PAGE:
Pot shops for recreational marijuana have been open for business in Colorado and Washington since 2014, and in OR since 2015. Attorney General Jeff Sessions ― who has stated his personal opposition to weed ― has anxious some marijuana advocates with ominous comments about the supposed dangers of loosening restrictions on the nation's favorite illicit substance.
Most Americans believe marijuana use should be legal, according to a new survey.
The US's growing approval of marijuana could reflect a jump in the amount of Americans who say they've actually tried smoking, vaporizing, or eating marijuana. This figure is reportedly independent of political affiliation, as opposition to federal meddling comes from most Republicans, Democrats, and independents.
Eight states, along with the District of Columbia, allow marijuana for recreational purposes.
Increasingly, politicians and society at-large are becoming more open to the idea that the federal government could and should begin to treat cannabis similar to how it now treats alcohol - by upholding age limits and no longer prohibiting the use across the board.
The growing acceptance of legal marijuana comes as states continue to challenge the federal government's insistence that marijuana is a risky drug with no therapeutic value and a high potential for abuse.
IL lawmakers heard from a Colorado administrator Wednesday about the benefits and pitfalls of legalizing recreational marijuana. And women are now as much in favor of legal marijuana as men; in previous years they were less so. Recreational marijuana was legalized a year ago in Alaska, California, Maine, Massachusetts and Nevada. Attorney General Jeff Sessions said the drug is only "slightly less awful" than heroin. Sessions finds it particularly necessary to focus on marijuana usage, which is legal in one form or another in dozens of states and legal recreationally in an increasing number, while becoming beloved by moms, arthritic mutants and Olympic champions nationwide.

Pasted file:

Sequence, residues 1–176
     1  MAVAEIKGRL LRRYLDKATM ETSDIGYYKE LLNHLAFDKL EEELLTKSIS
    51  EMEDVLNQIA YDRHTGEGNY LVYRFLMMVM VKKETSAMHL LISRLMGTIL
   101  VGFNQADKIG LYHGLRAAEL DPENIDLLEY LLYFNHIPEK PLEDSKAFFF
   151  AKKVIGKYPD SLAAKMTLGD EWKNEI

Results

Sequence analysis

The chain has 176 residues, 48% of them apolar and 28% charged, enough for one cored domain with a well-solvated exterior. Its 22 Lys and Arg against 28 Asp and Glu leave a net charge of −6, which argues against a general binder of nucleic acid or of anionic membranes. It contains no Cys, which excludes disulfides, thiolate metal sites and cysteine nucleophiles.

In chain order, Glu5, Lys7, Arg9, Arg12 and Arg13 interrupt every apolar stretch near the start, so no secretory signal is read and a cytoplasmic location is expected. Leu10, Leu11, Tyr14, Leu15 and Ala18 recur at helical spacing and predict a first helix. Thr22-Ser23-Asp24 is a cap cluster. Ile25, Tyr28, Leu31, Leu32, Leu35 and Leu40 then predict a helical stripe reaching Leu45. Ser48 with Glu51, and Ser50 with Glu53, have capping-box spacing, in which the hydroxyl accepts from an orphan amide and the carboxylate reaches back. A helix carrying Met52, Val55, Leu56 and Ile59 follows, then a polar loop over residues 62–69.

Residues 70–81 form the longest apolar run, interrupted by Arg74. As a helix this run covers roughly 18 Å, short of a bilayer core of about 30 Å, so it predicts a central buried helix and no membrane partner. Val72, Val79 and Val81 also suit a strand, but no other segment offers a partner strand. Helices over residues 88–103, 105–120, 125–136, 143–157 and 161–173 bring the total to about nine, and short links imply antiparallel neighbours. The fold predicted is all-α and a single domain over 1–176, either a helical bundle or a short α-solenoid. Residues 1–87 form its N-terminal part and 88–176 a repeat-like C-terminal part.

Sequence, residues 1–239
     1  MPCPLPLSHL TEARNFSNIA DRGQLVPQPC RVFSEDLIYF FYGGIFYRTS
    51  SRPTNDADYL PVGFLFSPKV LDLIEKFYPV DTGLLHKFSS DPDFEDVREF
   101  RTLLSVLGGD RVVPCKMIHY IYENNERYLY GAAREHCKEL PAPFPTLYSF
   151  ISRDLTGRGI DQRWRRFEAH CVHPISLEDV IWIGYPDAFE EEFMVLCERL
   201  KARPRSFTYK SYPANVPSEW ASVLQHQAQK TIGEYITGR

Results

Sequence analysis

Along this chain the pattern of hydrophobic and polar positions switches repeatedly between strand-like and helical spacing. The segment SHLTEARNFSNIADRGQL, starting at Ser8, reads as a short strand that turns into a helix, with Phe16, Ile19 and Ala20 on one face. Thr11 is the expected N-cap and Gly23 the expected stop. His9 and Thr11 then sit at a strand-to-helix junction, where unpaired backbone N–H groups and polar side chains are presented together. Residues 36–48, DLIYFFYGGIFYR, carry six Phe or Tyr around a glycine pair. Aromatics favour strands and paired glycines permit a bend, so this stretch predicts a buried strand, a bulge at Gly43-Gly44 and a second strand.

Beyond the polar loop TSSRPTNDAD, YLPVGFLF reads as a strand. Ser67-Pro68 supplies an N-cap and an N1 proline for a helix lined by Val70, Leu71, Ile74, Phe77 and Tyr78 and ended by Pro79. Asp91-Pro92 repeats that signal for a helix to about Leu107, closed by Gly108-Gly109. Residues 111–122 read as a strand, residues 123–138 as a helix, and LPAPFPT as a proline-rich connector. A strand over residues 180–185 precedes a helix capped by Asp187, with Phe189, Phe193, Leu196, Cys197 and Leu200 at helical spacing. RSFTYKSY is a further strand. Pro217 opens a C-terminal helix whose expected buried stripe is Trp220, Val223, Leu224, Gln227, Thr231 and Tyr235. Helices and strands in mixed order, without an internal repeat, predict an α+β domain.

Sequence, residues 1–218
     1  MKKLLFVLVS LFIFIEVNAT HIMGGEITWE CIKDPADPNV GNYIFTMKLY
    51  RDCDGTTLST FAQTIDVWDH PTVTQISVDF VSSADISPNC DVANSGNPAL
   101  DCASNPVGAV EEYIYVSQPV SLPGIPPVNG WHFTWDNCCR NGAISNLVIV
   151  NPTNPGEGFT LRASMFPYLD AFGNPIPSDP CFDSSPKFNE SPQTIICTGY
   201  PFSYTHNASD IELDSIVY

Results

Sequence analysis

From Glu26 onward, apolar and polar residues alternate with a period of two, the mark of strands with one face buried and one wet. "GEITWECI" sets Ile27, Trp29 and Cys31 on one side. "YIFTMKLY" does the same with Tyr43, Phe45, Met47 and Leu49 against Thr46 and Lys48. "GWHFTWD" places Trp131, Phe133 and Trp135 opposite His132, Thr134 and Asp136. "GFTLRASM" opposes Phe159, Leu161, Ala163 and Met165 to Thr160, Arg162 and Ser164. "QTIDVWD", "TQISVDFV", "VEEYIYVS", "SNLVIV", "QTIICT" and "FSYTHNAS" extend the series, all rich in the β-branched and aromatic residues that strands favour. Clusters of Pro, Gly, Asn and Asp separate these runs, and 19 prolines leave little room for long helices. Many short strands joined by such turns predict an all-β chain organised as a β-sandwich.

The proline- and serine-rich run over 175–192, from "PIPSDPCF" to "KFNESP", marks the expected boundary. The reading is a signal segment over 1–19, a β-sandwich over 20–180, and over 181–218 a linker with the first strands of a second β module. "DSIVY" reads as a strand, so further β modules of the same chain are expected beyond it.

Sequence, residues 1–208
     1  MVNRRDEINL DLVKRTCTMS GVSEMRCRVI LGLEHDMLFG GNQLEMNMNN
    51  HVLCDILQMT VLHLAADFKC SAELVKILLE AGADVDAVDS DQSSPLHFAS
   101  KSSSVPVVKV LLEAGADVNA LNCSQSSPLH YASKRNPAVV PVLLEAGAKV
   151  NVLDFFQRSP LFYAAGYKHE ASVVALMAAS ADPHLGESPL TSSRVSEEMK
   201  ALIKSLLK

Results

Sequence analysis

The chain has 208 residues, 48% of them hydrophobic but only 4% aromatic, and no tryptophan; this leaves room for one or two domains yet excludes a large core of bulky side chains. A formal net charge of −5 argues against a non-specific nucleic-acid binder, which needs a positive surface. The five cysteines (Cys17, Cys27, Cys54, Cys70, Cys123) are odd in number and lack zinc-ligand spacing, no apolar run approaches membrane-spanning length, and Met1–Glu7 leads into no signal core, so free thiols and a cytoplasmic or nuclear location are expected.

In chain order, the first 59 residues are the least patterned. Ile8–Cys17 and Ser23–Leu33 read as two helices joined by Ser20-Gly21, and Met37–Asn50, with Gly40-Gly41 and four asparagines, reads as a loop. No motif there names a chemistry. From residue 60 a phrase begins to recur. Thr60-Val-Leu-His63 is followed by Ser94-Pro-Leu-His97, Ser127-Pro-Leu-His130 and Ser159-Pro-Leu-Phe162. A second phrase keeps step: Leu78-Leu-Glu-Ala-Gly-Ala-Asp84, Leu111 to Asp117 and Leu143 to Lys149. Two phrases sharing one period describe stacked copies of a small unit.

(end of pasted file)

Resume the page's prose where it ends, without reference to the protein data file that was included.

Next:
Supporters of legalizing marijuana in IL addressed a panel of legislators in Chicago Wednesday and brought in a ringer: the chief tax collector in Colorado, who explained how legal weed is helping fund essential state programs.
The group responsible for safety in the oil-and-gas industry is reiterating its concerns about the impact of legal marijuana in Canada.